Children born into smaller families in the world’s poorest countries may live for three years longer than those born into larger families, a new study has claimed.
Researchers showed that while family planning programmes have sometimes been pitched as ways to moderate population growth and minimise pressure on resource-strapped nations, they have real health impacts on individuals.
“Our new research shows that being born into a small family has health benefits that last throughout the course of your entire life,” said Dr Saifuddin Ahmed from Johns Hopkins Bloomberg School of Public Health in the US.
Researchers found that in families considered small (with four or fewer children), children have a life expectancy that is three years longer than children in larger families (with five or more children).
“This finding is profound because life expectancy is like the motherhood of all indicators because it encompasses health, economic and social well-being,” said Jose Rimon, Director of the Bill and Melinda Gates Institute for Family and Reproductive Health.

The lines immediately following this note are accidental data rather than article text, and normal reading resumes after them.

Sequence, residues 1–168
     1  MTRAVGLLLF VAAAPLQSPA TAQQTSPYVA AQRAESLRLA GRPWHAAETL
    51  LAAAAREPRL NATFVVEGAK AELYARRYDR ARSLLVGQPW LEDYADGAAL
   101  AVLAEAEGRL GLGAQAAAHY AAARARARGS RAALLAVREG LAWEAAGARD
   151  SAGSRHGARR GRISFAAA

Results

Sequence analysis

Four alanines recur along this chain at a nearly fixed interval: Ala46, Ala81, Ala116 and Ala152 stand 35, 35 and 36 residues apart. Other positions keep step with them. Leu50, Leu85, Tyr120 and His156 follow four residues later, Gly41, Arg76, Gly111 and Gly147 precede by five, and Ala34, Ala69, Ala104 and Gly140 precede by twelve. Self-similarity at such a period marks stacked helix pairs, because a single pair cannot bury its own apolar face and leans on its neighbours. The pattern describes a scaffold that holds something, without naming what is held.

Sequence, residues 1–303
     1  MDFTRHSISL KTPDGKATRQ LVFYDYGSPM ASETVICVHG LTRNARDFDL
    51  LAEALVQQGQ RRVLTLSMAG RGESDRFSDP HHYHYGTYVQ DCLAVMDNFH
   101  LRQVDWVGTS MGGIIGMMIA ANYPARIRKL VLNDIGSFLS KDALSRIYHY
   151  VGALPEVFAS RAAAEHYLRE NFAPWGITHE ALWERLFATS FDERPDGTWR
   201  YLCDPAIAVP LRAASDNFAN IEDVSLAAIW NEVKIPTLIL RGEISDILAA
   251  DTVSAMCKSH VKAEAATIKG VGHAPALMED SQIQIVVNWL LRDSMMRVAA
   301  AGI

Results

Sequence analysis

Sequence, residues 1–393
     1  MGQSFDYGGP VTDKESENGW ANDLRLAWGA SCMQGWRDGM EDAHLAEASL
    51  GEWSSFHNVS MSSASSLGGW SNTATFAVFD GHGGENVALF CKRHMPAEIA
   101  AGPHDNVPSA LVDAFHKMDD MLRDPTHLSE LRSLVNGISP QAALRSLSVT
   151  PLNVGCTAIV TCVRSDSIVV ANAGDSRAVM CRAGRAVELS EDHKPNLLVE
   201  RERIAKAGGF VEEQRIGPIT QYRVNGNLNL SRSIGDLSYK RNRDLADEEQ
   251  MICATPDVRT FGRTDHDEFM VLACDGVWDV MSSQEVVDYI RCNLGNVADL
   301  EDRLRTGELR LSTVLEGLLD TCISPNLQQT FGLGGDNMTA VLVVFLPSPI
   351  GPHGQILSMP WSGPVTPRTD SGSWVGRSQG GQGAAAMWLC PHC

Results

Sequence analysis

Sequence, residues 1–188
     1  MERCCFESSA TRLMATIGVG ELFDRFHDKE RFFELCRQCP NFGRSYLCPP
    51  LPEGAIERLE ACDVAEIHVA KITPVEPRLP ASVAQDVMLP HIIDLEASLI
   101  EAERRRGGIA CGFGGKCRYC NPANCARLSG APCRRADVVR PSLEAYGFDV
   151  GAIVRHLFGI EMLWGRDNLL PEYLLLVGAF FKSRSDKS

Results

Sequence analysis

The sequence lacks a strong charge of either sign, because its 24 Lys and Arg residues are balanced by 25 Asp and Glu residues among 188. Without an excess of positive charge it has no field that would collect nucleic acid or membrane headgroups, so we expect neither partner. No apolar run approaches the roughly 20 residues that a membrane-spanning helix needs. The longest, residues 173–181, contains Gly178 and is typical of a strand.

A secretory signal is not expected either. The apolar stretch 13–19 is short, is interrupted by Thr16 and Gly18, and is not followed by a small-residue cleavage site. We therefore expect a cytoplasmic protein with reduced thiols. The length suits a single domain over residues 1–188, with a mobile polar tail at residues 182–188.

The findings are based on the results of the most recent national Demographic and Health Surveys from 35 developing countries. Small family size, primarily achieved through the use of contraception, reduces the competition of siblings for both the attention and micronutrients provided by the mother, and also allows the family’s often-limited financial resources to be spread farther, researchers said.
This appears to provide a positive healthy developmental environment that reduces mortality in the short- and long-term, they concluded.
“When births are spread out and mothers can provide more time to each child before the next one is born, it results in better cognitive development and health status while growing up,” said Dr Ahmed.
“Each child competes with the next for the parents’ income, food and housing and having fewer children gives everyone a larger slice of the pie,” he added. There may also be a smaller risk of exposure to life-threatening diarrhoea when there are fewer siblings around to catch and spread it, he said.